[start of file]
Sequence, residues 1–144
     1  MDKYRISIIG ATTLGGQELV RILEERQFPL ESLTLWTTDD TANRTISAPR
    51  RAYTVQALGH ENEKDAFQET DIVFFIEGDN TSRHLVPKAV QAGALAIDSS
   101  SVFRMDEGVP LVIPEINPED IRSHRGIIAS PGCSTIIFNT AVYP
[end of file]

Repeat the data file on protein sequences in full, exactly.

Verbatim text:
Sequence, residues 1–144
     1  MDKYRISIIG ATTLGGQELV RILEERQFPL ESLTLWTTDD TANRTISAPR
    51  RAYTVQALGH ENEKDAFQET DIVFFIEGDN TSRHLVPKAV QAGALAIDSS
   101  SVFRMDEGVP LVIPEINPED IRSHRGIIAS PGCSTIIFNT AVYP